100 percent. Every stop along the way spurred a development personally and professionally that has helped me get to this place. The thing that was always really important to me was trying to observationally learn from every kind of source of stimulation I received. So, if I got a “no” from a sales perspective, I would always go back and say, “what could I have done better there”. If I got promoted, I would do the same thing and reflect. I would take all that stimulation and try to develop my own style and approach of leadership. For me, since day one, it has been about being a sponge to develop a more well-rounded approach towards things.

You stated there were many stops along the way to get to where you are. Were there any speed bumps that you faced on the journey?

Of course. Whenever I look back on my career, I think adversity has been the greatest opportunity for me. It has been that point in time where I’ve had the greatest rate of development.

Man, there’s more than a few moments though – like when I was trying to get into the NBA. When I was in Charlotte, the Hornets were probably the hardest sell in the NBA. You had a team the city didn’t want, an arena the city didn’t want, and unfortunately a fair share of racial undertones with the Hornets having one of the first Black owners. You put all those things together, and it was a very hard situation.

However, I learned how to sell through the greatest degrees of difficulty, and I developed an approach that assisted my transition to Cleveland. We have an amazing owner, a great team, and passionate fanbase, but suddenly Lebron leaves and everyone was looking like the sky was falling. For me though, I had faced way worse in Charlotte and those adversities helped me see the best in the situation and turn it into catalytic growth. I think we should embrace those moments. I have a saying, “look at things in life for the opportunity that it creates, not the challenge that it presents”. If you take that disposition towards things, it makes you look at things like your glass is half full.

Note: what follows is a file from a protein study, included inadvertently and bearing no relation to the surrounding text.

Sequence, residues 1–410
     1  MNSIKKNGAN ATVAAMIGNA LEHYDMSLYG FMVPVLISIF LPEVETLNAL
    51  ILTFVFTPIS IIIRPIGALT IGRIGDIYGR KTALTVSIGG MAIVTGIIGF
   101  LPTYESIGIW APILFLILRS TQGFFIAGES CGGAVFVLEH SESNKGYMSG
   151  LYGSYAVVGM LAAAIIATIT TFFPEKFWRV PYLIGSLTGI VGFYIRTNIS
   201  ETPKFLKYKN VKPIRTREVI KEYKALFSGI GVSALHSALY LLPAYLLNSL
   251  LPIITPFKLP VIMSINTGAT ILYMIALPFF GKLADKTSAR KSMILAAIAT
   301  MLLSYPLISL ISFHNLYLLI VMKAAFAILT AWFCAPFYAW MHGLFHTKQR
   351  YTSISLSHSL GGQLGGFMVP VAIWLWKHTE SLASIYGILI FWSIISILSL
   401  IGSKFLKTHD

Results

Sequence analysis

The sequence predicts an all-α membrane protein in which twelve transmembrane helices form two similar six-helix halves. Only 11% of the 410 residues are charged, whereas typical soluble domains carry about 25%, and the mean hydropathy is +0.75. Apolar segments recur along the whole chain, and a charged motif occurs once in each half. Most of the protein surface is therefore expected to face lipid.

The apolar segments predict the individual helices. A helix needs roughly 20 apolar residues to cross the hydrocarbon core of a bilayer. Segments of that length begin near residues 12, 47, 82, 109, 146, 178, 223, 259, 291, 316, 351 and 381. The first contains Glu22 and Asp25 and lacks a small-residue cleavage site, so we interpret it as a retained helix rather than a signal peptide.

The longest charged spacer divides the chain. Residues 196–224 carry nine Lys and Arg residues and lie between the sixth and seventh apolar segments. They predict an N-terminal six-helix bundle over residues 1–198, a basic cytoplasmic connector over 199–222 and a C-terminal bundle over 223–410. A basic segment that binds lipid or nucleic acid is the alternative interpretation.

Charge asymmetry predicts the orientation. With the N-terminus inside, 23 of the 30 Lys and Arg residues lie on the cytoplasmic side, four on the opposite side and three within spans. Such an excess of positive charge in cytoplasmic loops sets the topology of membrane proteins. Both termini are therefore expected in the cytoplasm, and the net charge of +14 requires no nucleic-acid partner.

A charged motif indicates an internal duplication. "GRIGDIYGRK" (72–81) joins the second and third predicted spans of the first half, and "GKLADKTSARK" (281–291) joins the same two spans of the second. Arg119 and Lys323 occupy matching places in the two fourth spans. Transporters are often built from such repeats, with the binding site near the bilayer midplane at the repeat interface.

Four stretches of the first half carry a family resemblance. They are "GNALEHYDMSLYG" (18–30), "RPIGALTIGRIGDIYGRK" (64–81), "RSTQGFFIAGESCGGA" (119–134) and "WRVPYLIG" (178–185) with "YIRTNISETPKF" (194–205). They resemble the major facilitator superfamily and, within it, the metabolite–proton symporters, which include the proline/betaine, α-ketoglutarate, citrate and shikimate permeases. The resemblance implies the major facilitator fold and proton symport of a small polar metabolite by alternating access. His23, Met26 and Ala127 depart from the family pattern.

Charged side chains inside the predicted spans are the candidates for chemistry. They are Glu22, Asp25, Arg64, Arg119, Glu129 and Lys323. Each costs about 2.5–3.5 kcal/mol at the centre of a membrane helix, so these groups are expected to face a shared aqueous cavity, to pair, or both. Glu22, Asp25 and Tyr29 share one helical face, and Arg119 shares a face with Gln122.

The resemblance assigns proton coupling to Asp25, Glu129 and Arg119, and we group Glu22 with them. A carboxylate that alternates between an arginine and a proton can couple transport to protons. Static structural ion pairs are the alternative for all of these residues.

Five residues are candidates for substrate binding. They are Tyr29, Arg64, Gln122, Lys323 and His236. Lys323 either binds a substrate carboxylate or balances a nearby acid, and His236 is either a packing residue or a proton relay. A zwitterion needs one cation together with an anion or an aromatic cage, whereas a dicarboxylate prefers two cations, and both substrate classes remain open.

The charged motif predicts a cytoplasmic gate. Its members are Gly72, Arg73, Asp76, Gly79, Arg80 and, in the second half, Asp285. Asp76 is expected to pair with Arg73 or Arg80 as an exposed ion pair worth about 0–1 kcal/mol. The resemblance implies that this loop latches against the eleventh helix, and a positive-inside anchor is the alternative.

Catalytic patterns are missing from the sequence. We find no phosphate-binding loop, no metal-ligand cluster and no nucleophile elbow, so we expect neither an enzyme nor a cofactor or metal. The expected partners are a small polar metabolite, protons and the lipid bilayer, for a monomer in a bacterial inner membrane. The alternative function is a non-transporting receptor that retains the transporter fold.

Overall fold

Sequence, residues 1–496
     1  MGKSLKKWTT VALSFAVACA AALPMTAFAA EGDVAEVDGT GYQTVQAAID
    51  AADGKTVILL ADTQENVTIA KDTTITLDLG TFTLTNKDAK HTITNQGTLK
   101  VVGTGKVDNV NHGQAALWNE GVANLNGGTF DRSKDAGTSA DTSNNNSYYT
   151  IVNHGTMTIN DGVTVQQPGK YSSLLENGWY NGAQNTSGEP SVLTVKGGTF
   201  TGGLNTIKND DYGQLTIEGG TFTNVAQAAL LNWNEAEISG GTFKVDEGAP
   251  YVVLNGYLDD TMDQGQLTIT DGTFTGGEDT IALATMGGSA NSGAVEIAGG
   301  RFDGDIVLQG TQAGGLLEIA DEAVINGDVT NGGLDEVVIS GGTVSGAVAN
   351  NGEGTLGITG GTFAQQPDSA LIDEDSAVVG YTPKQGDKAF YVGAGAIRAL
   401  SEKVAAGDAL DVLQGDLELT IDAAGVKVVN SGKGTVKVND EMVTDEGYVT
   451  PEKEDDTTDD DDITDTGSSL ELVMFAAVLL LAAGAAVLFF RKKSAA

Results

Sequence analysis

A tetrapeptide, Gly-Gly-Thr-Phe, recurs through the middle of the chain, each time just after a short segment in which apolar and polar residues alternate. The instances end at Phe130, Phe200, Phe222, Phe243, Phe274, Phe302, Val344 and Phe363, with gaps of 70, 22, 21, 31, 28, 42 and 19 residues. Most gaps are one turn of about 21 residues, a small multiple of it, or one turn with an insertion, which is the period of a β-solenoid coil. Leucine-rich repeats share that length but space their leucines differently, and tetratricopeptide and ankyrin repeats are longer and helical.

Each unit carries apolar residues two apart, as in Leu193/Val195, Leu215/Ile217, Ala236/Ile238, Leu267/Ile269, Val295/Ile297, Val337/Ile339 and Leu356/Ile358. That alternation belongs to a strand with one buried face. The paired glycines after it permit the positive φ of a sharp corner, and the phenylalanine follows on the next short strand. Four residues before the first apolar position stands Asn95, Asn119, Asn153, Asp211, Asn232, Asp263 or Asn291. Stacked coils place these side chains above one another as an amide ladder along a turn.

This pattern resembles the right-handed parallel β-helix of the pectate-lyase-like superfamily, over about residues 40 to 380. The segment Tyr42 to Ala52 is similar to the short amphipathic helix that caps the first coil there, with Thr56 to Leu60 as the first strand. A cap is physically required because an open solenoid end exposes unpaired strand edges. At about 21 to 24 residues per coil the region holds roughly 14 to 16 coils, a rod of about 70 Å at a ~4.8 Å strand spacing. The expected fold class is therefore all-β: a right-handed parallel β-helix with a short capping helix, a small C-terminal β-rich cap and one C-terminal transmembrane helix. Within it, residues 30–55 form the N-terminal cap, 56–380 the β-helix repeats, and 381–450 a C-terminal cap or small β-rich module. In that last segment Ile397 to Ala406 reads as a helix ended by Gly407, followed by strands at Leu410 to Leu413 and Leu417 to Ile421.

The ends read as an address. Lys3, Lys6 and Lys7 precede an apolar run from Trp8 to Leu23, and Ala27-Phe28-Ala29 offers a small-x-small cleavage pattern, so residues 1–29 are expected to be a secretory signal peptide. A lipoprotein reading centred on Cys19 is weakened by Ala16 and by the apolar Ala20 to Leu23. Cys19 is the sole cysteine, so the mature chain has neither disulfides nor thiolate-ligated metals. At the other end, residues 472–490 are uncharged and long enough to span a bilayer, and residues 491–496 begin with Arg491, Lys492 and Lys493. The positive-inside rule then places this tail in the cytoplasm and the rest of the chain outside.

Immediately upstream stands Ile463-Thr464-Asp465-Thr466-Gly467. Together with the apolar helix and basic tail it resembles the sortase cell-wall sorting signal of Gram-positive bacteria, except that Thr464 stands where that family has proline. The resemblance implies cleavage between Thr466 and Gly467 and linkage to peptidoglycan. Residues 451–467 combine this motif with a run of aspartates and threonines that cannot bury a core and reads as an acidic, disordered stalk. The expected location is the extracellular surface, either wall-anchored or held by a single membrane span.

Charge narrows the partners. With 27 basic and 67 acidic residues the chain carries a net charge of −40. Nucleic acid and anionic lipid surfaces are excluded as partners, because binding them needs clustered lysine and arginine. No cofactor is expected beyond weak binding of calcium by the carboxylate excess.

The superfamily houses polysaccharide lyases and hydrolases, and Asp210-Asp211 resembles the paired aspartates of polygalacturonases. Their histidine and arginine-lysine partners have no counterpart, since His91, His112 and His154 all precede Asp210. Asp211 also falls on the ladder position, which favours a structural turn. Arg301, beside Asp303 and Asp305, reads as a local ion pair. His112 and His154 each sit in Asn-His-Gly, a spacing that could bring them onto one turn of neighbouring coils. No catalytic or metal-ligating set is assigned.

It seems like you’re seeking discomfort in a way because it pushes you to grow and be better. Your success has come from not being afraid of challenges.

Switching to a business side of things, what type of qualities do you look for in the team members you hire here?

First: hire the right person. Hire a good human being. Being around good human beings is contagious. How we distill that out is by looking for someone who is innately positive, we look for someone who is willing to say ‘“yes” before “no”’ which is one of our isms here. The second thing is the ability to work hard. Great things come from hard work. Next, you have to be open to learning and growing, especially with the world evolving so fast. Finally, having passion for what you do is essential. For me, I became very passionate about selling and then managing and leading, and now running a business. Like I’m really passionate about it - I love it with all my being. I think if you have that passion, it allows you to then be more positive and work harder.

Wrapping up, what do you think makes a strong and inspiring leader?

You need some practice at the plate. The more you hit the ball, the better you’ll get. I believe you need to be selfless, a good communicator, authentic and generous with your time. You lead the group, but you manage the individual. You have to be able to chameleon your approach and find what works best for your team. If you’re really in leadership for the right reasons, you’re in it for everybody else, not for yourself.